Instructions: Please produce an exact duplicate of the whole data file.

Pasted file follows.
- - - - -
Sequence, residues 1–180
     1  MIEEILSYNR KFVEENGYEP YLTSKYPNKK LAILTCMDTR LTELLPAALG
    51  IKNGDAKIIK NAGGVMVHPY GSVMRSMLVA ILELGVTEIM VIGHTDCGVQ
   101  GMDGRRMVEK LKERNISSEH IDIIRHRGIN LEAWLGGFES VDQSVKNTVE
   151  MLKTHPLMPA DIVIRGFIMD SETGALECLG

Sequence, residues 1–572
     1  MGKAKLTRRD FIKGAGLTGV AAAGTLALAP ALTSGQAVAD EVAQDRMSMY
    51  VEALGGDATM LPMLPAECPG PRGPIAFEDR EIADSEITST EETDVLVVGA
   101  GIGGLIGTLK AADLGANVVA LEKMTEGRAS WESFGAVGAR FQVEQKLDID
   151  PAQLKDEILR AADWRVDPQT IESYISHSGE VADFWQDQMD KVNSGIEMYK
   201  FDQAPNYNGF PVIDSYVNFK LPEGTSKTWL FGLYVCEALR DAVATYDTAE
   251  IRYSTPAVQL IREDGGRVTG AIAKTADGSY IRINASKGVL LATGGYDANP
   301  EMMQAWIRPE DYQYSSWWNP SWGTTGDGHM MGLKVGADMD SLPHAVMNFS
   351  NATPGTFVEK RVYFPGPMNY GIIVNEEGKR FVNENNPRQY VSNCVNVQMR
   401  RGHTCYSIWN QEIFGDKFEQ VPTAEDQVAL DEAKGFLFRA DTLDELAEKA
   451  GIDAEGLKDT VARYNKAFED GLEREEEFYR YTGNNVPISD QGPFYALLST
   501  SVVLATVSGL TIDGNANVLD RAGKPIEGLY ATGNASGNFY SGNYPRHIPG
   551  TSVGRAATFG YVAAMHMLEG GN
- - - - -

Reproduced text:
Sequence, residues 1–180
     1  MIEEILSYNR KFVEENGYEP YLTSKYPNKK LAILTCMDTR LTELLPAALG
    51  IKNGDAKIIK NAGGVMVHPY GSVMRSMLVA ILELGVTEIM VIGHTDCGVQ
   101  GMDGRRMVEK LKERNISSEH IDIIRHRGIN LEAWLGGFES VDQSVKNTVE
   151  MLKTHPLMPA DIVIRGFIMD SETGALECLG

Sequence, residues 1–572
     1  MGKAKLTRRD FIKGAGLTGV AAAGTLALAP ALTSGQAVAD EVAQDRMSMY
    51  VEALGGDATM LPMLPAECPG PRGPIAFEDR EIADSEITST EETDVLVVGA
   101  GIGGLIGTLK AADLGANVVA LEKMTEGRAS WESFGAVGAR FQVEQKLDID
   151  PAQLKDEILR AADWRVDPQT IESYISHSGE VADFWQDQMD KVNSGIEMYK
   201  FDQAPNYNGF PVIDSYVNFK LPEGTSKTWL FGLYVCEALR DAVATYDTAE
   251  IRYSTPAVQL IREDGGRVTG AIAKTADGSY IRINASKGVL LATGGYDANP
   301  EMMQAWIRPE DYQYSSWWNP SWGTTGDGHM MGLKVGADMD SLPHAVMNFS
   351  NATPGTFVEK RVYFPGPMNY GIIVNEEGKR FVNENNPRQY VSNCVNVQMR
   401  RGHTCYSIWN QEIFGDKFEQ VPTAEDQVAL DEAKGFLFRA DTLDELAEKA
   451  GIDAEGLKDT VARYNKAFED GLEREEEFYR YTGNNVPISD QGPFYALLST
   501  SVVLATVSGL TIDGNANVLD RAGKPIEGLY ATGNASGNFY SGNYPRHIPG
   551  TSVGRAATFG YVAAMHMLEG GN